Owners of General Motors (GM) cars and trucks who recently used the automaker’s VIN-entry website to check whether their vehicle is subject to a safety recall are urged to check again or call the company because the website was giving out wrong information to some users.
Federal investigators probing GM’s response to a potentially deadly flaw in the ignition switches of nearly 3 million vehicles said Friday that GM’s website, designed to help consumers through the recall process, isn’t working properly.
GM has recalled about 30 million vehicles in North America this year alone, with about 25.5 million of those in the U.S. Given the sheer number of recalled vehicles and the spectrum of defects, GM set up the website to make it quick and easy for consumers to determine whether their vehicle is subject to one of the safety recalls by entering their vehicle’s VIN.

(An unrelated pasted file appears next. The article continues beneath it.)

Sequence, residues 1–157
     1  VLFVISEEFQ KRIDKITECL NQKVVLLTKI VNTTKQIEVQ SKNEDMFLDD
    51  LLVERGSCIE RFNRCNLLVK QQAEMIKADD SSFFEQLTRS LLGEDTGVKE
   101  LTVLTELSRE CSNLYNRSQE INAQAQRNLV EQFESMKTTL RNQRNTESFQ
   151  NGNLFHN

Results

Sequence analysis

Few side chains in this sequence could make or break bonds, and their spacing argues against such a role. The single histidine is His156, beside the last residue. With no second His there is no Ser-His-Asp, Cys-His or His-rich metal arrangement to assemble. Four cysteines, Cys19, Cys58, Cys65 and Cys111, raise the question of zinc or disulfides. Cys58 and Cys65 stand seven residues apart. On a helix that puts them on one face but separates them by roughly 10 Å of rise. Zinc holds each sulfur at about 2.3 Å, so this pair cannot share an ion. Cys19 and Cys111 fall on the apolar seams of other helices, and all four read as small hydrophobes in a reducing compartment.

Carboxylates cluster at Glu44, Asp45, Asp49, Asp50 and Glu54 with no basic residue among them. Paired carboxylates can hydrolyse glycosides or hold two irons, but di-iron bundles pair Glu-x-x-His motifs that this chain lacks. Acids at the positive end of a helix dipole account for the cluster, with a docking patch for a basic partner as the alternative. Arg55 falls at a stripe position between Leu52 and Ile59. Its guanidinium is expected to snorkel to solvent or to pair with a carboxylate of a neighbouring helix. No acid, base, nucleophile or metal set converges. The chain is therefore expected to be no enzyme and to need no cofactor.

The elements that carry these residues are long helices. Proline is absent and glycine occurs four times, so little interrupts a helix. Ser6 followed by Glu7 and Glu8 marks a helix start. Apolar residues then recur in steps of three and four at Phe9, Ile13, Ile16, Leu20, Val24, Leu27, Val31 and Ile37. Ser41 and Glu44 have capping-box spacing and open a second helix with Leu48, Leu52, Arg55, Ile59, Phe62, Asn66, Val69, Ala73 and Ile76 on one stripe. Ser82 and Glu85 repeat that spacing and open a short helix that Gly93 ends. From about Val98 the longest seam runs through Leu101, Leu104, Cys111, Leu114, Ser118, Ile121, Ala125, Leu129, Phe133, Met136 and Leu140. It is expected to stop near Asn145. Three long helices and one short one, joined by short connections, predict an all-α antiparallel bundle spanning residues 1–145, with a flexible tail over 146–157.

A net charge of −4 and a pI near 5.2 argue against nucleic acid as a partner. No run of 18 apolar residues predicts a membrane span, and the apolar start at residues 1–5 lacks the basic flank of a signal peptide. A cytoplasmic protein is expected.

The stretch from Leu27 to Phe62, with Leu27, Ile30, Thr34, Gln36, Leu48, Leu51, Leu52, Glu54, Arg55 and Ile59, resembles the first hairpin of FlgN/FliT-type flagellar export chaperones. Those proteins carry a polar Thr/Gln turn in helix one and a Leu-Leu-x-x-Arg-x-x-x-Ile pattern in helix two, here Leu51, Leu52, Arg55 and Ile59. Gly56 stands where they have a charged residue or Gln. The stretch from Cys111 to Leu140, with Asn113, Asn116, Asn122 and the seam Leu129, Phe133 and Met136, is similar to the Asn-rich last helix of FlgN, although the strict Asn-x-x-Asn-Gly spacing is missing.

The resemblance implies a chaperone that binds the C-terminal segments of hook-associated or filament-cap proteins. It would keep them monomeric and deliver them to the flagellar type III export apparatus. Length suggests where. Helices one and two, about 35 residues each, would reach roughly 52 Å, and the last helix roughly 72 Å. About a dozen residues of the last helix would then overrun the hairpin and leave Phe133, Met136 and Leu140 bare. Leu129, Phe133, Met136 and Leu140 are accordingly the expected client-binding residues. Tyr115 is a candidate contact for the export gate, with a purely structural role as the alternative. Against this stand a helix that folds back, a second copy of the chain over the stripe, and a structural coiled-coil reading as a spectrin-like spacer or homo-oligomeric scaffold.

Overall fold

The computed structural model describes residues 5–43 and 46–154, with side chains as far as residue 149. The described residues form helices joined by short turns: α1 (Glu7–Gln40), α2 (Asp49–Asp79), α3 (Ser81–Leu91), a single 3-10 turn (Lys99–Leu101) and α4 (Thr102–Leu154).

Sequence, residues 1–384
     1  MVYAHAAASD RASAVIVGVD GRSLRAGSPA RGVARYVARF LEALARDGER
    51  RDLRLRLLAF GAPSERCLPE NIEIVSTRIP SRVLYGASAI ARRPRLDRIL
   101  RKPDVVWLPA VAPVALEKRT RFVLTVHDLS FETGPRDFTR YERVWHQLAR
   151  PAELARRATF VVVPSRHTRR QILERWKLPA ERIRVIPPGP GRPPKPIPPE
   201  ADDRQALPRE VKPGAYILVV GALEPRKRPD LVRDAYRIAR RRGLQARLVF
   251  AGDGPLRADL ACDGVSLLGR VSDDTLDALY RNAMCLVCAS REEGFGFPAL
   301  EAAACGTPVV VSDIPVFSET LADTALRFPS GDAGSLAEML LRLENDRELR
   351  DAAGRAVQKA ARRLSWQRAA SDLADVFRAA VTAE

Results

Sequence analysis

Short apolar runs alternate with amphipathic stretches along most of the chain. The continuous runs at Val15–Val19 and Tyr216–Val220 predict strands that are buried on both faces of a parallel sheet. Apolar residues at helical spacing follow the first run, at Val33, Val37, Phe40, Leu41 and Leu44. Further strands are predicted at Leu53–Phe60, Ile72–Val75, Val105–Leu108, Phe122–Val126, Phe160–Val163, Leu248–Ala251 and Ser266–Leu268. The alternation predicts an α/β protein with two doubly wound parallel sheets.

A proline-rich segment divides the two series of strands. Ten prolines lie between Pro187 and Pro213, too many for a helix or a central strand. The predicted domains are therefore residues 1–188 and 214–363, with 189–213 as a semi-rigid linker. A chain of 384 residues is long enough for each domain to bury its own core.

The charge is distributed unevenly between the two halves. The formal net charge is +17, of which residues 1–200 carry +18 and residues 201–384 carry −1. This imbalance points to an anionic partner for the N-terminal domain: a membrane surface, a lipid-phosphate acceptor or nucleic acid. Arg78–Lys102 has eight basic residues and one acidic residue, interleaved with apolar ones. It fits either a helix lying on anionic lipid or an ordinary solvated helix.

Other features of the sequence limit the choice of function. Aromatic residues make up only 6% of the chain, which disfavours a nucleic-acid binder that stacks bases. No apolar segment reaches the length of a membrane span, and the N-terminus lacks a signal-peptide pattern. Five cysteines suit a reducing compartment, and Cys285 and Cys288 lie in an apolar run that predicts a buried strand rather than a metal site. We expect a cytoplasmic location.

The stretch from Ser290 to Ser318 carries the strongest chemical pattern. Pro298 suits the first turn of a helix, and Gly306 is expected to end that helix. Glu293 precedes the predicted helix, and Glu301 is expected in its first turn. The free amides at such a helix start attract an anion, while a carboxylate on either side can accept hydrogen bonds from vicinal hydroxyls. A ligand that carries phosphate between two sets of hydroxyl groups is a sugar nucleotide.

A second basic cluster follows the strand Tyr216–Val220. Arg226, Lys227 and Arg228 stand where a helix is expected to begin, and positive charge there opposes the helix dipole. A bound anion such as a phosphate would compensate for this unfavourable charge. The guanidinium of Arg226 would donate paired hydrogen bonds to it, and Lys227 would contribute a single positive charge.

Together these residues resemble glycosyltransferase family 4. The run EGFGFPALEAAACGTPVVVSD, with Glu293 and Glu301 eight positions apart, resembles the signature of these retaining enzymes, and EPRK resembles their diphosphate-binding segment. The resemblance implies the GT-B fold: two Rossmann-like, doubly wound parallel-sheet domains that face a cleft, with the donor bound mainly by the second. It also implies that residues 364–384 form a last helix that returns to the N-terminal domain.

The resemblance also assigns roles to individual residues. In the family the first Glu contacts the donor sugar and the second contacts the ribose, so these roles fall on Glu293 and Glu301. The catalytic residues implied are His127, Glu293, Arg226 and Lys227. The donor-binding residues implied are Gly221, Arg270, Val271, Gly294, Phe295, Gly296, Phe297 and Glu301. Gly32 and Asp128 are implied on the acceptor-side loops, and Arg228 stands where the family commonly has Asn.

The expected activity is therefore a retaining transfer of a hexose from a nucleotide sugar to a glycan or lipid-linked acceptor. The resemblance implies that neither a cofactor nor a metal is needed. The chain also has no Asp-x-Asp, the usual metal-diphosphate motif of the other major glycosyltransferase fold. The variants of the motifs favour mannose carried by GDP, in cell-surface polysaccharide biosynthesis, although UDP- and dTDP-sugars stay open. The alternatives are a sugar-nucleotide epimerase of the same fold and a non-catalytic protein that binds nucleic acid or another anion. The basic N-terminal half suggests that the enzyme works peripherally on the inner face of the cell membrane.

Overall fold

But according to National Highway Traffic Safety Administration (NHTSA) investigators, GM’s VIN-lookup website is telling some consumers that their vehicles aren’t among those being recalled for safety defects when they actually are.
GM said that consumers who entered a VIN for a recalled vehicle for which replacement parts weren’t yet available were informed by the system that their vehicle is not among those recalled for ignition switch problems and other defects.
Nearly 3 million of GM’s recalled vehicles are affected by defective ignition switches that can potentially cause the key to slip out of position while the car is in motion, shutting off power to the engine. Along with a loss of power steering and anti-lock brakes, airbags are also deactivated when the engine turns off.
GM has linked the ignition switch defect to 13 deaths, but most auto and safety experts believe the number of fatalities to be much higher.
“This is a serious safety issue that should be addressed immediately by following GM’s recommendation to ‘use only the ignition key with nothing else on the key ring’ and getting the repairs as soon as consumers receive final notification from GM,” the NHTSA said in a statement.